As Figures 6 and 7 and the previous discussion suggest, the importance of different factors varied a lot country by country. On average, there is a slight, but significant country gradient: companies those considering different factors as “very important” are overrepresented in Canada and the US while underrepresented in the Hungarian and German sample. The link between the importance of EMS motivation factors and sector has been also analysed in this regard, but there was no significant relationship detected.

Regarding the total sample, two third of companies exerting moderate or remarkable environmental impacts have implemented an EMS or are in progress of implementation. In the case of negligible environmental impacts, company practice is just the opposite.

Canadian and American companies seem to be very risk-conscious (mainly due to liability and compensation issues as well as their complex relationship to regulatory authorities): the vast majority of companies with potentially severe environmental impacts have considered and implemented an EMS over the recent years.

In Hungary, there is a clear difference in the evaluation of motivations regarding companies which implemented EMS already and those just considering implementation. Firms with EMS attached significantly higher importance to the primary motivation factors – pollution prevention, regulatory compliance and


0% 20% 40% 60% 80% 100% Labour unions

Banks and other lenders Household consumers Industry and trade associacions Shareholders/investment funds Environmental groups Suppliers Community groups Non mgmt employees Commercial buyers Management employees Corporate headquarters Public authorities

not important moderately important very important

image improvement – than companies only considering EMS implementation. It means that the importance of the strongest motivational factors is reflected in real behavioural change (action), while weaker stimuli result only in positive attitudes. In the case of other countries this phenomenon was not observable.

6. The influence of stakeholders on the environmental activity of


Figure 8. Perceived influence of stakeholders on the environmental practices of the company in the total sample

The importance attached to different stakeholder groups for their potential to exert high influence on corporate environmental activities is justified. Regarding motivations behind EMS implementation, the requirements of regulatory compliance could be strongly detected. As Figure 8 illustrates, public authorities were considered to exert the highest pressure on companies to take environmental measures, throughout the whole international sample. It means that, even in the case of companies that enact voluntary measures, the strongest incentive is legitimacy and compliance, as overwhelmingly measured by the approval of authorities.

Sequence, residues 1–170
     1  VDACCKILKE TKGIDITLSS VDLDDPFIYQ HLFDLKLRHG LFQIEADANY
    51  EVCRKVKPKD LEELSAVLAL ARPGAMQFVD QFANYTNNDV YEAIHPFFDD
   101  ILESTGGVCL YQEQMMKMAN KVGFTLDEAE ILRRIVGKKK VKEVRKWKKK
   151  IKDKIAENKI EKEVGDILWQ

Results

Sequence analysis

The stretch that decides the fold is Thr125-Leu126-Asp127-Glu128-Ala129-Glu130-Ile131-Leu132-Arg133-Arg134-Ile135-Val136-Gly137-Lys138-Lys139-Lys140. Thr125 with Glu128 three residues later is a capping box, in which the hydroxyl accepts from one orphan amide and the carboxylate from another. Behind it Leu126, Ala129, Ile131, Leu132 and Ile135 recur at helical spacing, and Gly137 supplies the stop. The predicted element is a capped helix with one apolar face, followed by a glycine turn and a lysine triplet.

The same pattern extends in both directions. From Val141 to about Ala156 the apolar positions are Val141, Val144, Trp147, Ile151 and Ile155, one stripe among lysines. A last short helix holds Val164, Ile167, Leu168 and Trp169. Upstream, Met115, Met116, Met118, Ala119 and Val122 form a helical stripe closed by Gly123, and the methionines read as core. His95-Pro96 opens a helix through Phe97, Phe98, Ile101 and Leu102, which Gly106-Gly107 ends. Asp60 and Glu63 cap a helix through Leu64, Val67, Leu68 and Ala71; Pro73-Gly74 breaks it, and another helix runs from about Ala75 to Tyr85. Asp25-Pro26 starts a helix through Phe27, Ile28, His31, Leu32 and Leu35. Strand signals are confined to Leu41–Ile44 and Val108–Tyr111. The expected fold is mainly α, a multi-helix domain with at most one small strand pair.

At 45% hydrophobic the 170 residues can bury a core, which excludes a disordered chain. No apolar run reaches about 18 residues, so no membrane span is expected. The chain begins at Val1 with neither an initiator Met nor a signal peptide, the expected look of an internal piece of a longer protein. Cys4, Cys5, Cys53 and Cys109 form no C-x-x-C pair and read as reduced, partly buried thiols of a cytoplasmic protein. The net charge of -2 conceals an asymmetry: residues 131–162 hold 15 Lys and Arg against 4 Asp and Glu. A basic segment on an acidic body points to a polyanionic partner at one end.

Some internal stakeholders like corporate headquarters or management employees (sometimes even non-management employees) were also perceived as being very important in corporate environmental decision-making, which is not surprising. Furthermore, commercial buyers in the supply chain clearly expressed their requirements to suppliers regarding environmental performance. External stakeholders such as environmental organisations, banks, trade associations and labour unions seemed to exert much less influence on companies and, unfortunately, household consumers did not appear to articulate power over the use of corporate environmental tools either. Shareholders were regarded as not very interested in the environmental measures of companies. Table 2 indicates the proportion of companies attaching high importance to stakeholder groups with regard to environmental matters country by country. Table 2. Perception of high influence from stakeholders in the surveyed countries (% of responses, bold means statistically significant positive extremes (p=0.05))

“Very important”


Canada Franc


Germany Hungary Japan Norway USA Total